Gordon Conference on Animal Microbe Symbioses: Hologenome Theory of Evolution

After almost 30 years of thinking and occasionally speaking about the hologenome  theory  I’m registered for the Gordon Conference in New Hampshire in June.  I hope I can meet some open minded and thoughtful people with whom to discuss these thoughts.

Since Gordon Conferences operate under what amounts to Chatham House Rule, and communications can’t be quoted (not that I am likely to publish much at this rate) I thought I’d at least post my abstract here in the dusty old blog.

RA Jefferson “Hologenome Theory” Abstract, Gordon Conference on Animal-Microbe Symbiosis, June 21-26 2015


The Hologenome Theory of Evolution: The origins, logic and implications of a ‘cloud genetics’.

Richard A. Jefferson, Professor of Biological Innovation, Queensland University of Technology (QUT), Brisbane, Australia & Cambia, GPO Box 3200, Canberra, Australia

The hologenome theory of evolution developed by Jefferson (1994, 2007) proposes that natural selection occurs at the level of a holobiont, comprising the population of microbial constituents together with a replication-competent macro-apobiont; in essence a populated scaffold. It asserts that the genetic composition of the holobiont comprises the genetic contributions of the micro- and macro-biota in a form called the hologenome and that this ‘hologenotype’ is optimized by natural selection for its performance and persistence over time, but also for its plasticity and responsiveness to change.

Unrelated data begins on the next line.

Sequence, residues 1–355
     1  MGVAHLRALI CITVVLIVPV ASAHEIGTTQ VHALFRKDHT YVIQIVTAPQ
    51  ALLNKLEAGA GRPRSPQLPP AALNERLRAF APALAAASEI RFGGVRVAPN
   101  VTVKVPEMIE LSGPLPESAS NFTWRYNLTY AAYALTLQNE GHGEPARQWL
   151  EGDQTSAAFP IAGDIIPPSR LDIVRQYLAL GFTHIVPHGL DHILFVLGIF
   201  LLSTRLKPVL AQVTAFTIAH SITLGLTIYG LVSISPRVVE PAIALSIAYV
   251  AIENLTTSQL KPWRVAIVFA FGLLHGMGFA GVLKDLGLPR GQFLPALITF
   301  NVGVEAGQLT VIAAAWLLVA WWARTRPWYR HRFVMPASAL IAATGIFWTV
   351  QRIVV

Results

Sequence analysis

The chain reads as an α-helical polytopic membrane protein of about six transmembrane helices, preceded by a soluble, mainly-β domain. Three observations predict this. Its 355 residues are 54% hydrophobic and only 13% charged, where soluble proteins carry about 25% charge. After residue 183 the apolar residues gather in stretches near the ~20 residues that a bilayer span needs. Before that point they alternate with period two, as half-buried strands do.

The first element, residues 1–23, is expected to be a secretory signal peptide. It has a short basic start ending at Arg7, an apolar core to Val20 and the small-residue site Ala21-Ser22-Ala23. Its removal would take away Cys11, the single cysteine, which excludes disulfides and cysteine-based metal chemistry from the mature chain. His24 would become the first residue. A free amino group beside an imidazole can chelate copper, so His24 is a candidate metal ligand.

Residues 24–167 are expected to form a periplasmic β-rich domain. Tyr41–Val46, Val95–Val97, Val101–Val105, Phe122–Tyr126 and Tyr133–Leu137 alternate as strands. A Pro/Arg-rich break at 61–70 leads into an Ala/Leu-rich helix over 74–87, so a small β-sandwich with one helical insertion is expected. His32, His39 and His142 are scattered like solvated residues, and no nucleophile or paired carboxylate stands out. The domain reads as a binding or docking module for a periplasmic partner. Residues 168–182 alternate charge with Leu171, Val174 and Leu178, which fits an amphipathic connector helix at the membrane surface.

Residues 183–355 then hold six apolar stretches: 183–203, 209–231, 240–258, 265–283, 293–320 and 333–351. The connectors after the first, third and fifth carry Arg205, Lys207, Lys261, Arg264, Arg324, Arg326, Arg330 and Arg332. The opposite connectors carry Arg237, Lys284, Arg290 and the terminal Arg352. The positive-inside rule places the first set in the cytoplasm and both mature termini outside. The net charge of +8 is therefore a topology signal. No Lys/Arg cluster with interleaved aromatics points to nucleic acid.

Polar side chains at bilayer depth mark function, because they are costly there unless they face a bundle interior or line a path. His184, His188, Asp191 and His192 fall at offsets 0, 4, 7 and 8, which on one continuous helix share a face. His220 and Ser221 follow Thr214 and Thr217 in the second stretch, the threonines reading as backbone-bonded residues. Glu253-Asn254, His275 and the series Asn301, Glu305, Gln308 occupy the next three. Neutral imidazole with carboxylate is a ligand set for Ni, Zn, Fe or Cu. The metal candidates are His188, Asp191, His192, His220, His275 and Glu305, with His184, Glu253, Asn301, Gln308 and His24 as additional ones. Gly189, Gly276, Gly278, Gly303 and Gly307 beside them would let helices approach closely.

The origins of the theory hinge on studies of glucuronide metabolism by diverse vertebrate-associated microbes. The concentration and bio-availability of virtually all the steroid hormones that modulate, regulate or control reproductive performance, mate choice and ontogeny of vertebrates depends on the microbial processing of conjugated intermediaries, including steroid glucuronides. This occurs in microbially-rich complex ecosystems including intestine and surface epithelia, and is mediated by glucuronidases, arylsulfatases, permeases and other enzymes encoded by an extraordinary diversity of microbial constituents, and allows levels of these circulating hormones (and countless other metabolites) to be adjusted by action of a dynamic population of microbes that in turn are intrinsically sampled from and sampling the environment.

The implications from this premise are many, and in many ways, non-trivial. The ability to alter and modulate, amplify and suppress, disseminate and recruit new capabilities as microbially-encoded ‘traits’ means that sampling, sensing and responding to the environment become intrinsic features and emergent capabilities of the holobiont, with mechanisms that can provide rapid, sensitive, nuanced and persistent performance changes. Hologenome theory is essentially probabilistic. The population of microbes associated with the performant microbiome of a holobiont is neither fixed nor necessarily predictable, with the holobiont behaving as an indeterminate, temporally persistent standing wave.